Following the commencement ceremony at which Shepard and H.B. were announced as co-valedictorians, Shepard's mother wrote a letter to the School District and Thigpen challenging "the Co-Valedictorian Classification and Senior Ranking." Doc. #178-4. Thigpen responded to the letter on June 7, 2016, requesting that Shepard's mother "provide specific information" regarding what policies were violated, how they were violated, and by whom. Doc. #179-1. Thigpen stated that "[a]fter this information is received, the district will respond to each allegation." Id. The record does not reflect any response to Thigpen's letter by Shepard's mother.
Doc. #190-6 at 2.
Relevant Procedural History
On June 27, 2017, Sherry Shepard, on behalf of Jasmine Shepard, then a minor, filed a complaint in the United States District Court for the Northern District of Mississippi against the School District, Craddock, and Thigpen. Doc. #1. On January 12, 2018, Sherry filed a motion to amend the complaint, attaching a proposed amended complaint that listed Jasmine Shepard as the plaintiff. Doc. #35; Doc. #35-1. On January 17, 2018, United States Magistrate Judge Jane M. Virden granted by text order the motion for leave to file an amended complaint.
On January 18, 2018, Jasmine Shepard filed an amended complaint against the School District; Craddock, in his individual and official capacities;and Thigpen, in her individual and official capacities, "seek[ing] monetary damages as a result of Cleveland High School failing to follow the established policies and procedures for selecting a valedictorian ...." Doc. #37 at 1-2. Shepard asserts claims under 42 U.S.C. § 1983, alleging her rights under the Fourteenth Amendment's Equal Protection Clause and Due Process Clause were violated. Id. at 1, 5.
The caption of the amended complaint shows Craddock is sued in his individual capacity. Doc. #37 at 1. However, the body of the complaint states Craddock is sued in both his individual and official capacities. See id. at 2.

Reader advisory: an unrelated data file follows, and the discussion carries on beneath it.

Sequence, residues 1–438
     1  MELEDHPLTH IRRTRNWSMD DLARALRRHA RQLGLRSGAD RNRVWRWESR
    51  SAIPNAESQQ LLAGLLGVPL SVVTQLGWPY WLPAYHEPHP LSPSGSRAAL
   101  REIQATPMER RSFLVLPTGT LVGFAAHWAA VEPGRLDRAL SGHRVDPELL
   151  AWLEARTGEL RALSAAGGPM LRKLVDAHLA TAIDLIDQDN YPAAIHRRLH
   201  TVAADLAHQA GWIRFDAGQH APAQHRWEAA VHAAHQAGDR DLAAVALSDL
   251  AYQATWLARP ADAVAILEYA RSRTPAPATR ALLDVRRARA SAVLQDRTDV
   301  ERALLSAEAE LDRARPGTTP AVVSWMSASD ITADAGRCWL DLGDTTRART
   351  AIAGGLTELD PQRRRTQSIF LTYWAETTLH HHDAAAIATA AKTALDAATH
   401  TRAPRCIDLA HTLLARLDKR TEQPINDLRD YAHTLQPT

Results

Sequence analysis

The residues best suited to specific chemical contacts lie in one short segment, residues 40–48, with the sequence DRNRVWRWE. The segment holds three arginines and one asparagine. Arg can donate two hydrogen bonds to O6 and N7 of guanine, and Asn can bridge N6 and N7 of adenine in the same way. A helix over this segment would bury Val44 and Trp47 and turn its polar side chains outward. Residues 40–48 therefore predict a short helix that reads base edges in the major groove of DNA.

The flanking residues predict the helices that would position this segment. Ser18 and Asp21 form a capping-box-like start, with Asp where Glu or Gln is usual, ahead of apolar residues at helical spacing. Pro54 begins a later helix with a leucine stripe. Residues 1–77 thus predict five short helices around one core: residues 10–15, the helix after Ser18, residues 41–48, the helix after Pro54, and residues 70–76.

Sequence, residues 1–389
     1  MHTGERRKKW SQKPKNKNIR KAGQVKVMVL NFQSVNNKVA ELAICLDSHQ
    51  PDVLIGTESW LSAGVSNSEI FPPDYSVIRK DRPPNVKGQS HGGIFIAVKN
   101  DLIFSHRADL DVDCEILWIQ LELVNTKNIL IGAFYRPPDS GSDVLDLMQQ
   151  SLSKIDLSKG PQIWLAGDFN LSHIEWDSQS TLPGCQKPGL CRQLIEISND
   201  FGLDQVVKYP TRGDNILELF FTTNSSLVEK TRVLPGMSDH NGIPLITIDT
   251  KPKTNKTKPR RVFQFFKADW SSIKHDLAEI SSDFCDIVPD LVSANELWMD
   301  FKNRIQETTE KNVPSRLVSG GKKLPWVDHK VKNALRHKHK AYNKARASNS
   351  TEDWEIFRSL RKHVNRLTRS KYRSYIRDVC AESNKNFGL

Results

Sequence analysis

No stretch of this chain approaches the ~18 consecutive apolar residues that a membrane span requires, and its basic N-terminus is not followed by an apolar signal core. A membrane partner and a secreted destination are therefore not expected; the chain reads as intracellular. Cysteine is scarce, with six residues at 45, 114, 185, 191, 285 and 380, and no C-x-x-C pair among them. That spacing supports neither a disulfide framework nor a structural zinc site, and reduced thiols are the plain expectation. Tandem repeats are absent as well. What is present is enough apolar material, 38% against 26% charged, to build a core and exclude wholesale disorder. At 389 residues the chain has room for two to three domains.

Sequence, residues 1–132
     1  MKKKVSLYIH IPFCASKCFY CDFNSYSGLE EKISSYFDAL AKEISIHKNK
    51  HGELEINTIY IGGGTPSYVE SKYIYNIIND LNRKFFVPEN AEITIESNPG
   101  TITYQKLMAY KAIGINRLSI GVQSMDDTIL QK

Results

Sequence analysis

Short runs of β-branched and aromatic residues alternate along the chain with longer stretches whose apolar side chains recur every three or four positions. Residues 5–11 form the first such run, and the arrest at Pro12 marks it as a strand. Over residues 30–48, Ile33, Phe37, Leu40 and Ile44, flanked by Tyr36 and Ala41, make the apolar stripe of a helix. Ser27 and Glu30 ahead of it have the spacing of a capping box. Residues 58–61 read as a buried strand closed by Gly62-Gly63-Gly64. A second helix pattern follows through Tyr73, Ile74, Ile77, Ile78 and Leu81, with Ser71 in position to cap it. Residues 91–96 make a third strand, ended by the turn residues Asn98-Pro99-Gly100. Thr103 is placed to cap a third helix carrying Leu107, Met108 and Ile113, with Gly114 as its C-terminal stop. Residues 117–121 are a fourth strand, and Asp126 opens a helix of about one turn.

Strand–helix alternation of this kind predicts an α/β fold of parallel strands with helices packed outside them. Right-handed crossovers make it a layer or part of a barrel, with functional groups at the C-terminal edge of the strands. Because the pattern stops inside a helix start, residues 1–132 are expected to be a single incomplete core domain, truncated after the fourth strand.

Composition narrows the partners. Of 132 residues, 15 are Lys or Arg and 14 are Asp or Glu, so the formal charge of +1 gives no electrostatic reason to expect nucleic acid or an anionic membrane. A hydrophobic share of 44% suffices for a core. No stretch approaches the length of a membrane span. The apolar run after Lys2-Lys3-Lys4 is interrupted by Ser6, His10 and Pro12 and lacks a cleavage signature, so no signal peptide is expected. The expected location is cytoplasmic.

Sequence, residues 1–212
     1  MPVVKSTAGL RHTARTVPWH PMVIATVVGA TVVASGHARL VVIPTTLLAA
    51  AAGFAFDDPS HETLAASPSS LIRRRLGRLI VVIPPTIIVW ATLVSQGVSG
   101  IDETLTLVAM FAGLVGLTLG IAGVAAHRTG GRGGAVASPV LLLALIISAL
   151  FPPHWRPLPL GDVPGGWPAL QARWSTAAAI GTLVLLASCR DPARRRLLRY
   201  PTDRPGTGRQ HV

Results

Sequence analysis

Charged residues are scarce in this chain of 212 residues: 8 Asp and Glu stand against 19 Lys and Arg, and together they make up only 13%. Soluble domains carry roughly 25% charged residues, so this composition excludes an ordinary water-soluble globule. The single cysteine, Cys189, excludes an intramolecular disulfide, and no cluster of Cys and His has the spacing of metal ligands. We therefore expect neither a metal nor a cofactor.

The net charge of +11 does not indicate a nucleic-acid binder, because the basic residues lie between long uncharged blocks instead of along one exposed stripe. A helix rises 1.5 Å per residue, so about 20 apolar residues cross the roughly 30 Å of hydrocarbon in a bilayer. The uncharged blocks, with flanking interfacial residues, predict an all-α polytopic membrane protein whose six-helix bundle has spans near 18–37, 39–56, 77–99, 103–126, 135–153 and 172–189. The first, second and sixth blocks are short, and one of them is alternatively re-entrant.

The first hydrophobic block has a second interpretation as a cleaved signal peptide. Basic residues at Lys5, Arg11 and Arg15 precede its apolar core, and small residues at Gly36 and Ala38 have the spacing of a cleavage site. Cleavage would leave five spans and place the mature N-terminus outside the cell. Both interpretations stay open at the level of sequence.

On September 10, 2018, Thigpen, in her individual capacity, filed a motion and supporting memorandum seeking summary judgment as to all claims filed against her. Docs. #125, #126. The same day, Craddock, in his individual capacity, filed a motion and supporting memorandum seeking summary judgment as to all claims filed against him. Docs. #127, #128. On September 24, 2018, the School District and Thigpen, in her official capacity, jointly filed a motion and supporting memorandum seeking summary judgment as to all claims against them. Docs. #130, #131. These motions have been fully briefed. See Docs. #126, #128, #131, #150, #154, #156, #161, #175, #200.
On October 29, 2018, the School District moved to strike from Shepard's response three newspaper articles attached as exhibits, and to strike from Shepard's memorandum references to Cowan v. Board of Supervisors, references to Thigpen as a "turncoat," and certain quotes. Doc. #159 at 1-2. After considering the briefing on the motion to strike, the Court granted the motion as to the newspaper articles, and as to the Cowan references to the extent the Cowan references were used to show the existence of a school board policy, but denied all other relief. Doc. #214. The Court has not considered the stricken articles or references in evaluating the summary judgment issues.